Risk Appetite Sweeps Market as Powell Freezes Interest Rates

Risk Appetite Sweeps Market as Powell Freezes Interest Rates

Optimism is spreading in the stock market as the Federal Reserve freezes interest rates.

Companies that benefit from stronger global growth rose yesterday after the central bank kept interest rates unchanged. Those include semiconductors, emerging markets, materials and industrials.

“The current stance of monetary policy is appropriate,” the statement declared, citing “global developments and muted inflation pressures.” It also indicated rates won’t move at all next year, and might rise just once in 2021.

While the move was widely expected, Fed Chairman Jerome Powell hammered the point home in his press conference: “To move rates up, I would want to see inflation that’s persistent and that’s significant.”

RadarScreen® showing weekly changes for select sectors, as of Wednesday's close.
RadarScreen® showing weekly changes for select sectors, as of Wednesday’s close.

In other words, we’re not going to raise rates anytime soon. We don’t see any risk of overheating. We’re not going to take the punch bowl away. Taking it a step further, Powell may have left an open door to another interest-rate cut if growth slows again in the New Year.

“Persistent” and “significant.” Don’t be surprised if that becomes the next big catchphrase for people watching the Fed.

Economic Rebound Coming?

Investors worried about an economic slowdown over the summer, but those fears have faded in the last two months. Just consider some of the recent numbers.

Last week’s non-farm payrolls report crushed estimates and drove growth forecasts higher. Trade data and surveys from Germany also showed an unexpected recovery in the Euro Zone.

Credit markets have few signs of strain either. Usually before a recession, the yields on junk bonds rise as investors worry about bankruptcies. But just the opposite is happening now, according to Bloomberg and Merrill Lynch. Data from both shows yields falling and junk-bond prices rising. That’s another sign of risk appetite.

Some big names on Wall Street have gotten more bullish this week. Citi and J.P. Morgan raised their S&P 500 price targets. Even Bank of America CEO Brian Moynihan said consumers are spending about 5.5 percent more this year than in 2018.

New Highs for Chips

Chip makers led Wednesday’s rally with a 2 percent gain yesterday. Data from the Semiconductor Industry Association last week showed sales are starting to grow again after a nine-month contraction. Chip stocks are the best-performing industry group this year.

They’re important because the modern economy uses semiconductors everywhere. Not just in smart phones and data centers, but also in a widening array of industrial devices and machinery. Additionally 5G networks are expected to drive another wave of hardware upgrades over the next half decade.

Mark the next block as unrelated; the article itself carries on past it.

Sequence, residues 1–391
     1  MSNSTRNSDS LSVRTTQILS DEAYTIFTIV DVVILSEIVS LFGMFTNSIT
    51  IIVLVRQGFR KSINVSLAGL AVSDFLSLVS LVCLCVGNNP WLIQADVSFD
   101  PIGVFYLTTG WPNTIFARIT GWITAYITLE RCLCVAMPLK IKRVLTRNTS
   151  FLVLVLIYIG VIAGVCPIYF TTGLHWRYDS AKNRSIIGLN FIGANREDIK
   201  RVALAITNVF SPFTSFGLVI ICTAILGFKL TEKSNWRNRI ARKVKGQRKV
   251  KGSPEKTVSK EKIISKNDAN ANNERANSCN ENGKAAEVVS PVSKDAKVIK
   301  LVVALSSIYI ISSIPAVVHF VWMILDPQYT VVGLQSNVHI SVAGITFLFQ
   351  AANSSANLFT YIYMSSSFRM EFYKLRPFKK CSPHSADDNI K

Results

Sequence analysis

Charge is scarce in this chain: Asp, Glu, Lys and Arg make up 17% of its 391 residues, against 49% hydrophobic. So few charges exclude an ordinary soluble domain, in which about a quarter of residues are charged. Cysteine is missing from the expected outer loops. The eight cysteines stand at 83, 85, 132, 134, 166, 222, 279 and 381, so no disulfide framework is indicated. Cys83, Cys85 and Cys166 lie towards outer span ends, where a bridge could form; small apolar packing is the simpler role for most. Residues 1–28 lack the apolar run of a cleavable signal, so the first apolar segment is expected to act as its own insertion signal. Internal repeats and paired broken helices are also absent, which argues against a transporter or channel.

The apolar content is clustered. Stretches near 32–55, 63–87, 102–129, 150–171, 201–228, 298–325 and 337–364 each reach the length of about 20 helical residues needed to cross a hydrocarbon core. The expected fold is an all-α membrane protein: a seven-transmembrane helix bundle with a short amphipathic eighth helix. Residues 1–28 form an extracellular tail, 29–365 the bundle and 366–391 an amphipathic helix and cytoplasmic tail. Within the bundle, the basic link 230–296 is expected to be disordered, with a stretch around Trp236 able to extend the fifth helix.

Philadelphia Semiconductor Index ($SOX), with 50-day moving average and "New High for Year" ShowMe.
Philadelphia Semiconductor Index ($SOX), with 50-day moving average and “New High for Year” ShowMe.

Industrials are another sector investors look to profit from a stronger economy.

The Fed’s dovish policy weighed on the U.S. dollar index (@DX) because low interest rates reduce demand for the greenback. That, in turn, is often bullish for global currencies and international stocks.

Buyers Going Global

Global equities trade at lower multiples than domestic companies. The Vanguard FTSE Developed Market ETF (VEA), the biggest global fund by assets, has a price/earnings multiple of just 14.4, according to ETFdb.com. Meanwhile, the domestic SPDR S&P 500 fund (SPY) 500-tracking SPF is valued at 18 times.

Risks in other countries are a big reason for that discount. However two big uncertainties could disappear in the next week. Today, the U.K. holds big elections that could finally end the Brexit drama. Markets could also get clarity soon about $150 billion of tariffs planned to take effect against China this weekend.

In conclusion, stocks have rallied on hopes of economic recovery and friendly monetary policy. Both are now starting to take shape. Traders might want to guard against chasing strength in the near-term. However, the longer-term backdrop seems to keep improving.

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David Russell is Global Head of Market Strategy at TradeStation. Drawing on nearly two decades of experience as a financial journalist and analyst, his background includes equities, emerging markets, fixed-income and derivatives. He previously worked at Bloomberg News, CNBC and E*TRADE Financial. Russell systematically reviews countless global financial headlines and indicators in search of broad tradable trends that present opportunities repeatedly over time. Customers can expect him to keep them appraised of sector leadership, relative strength and the big stories – especially those overlooked by other commentators. He’s also a big fan of generating leverage with options to limit capital at risk.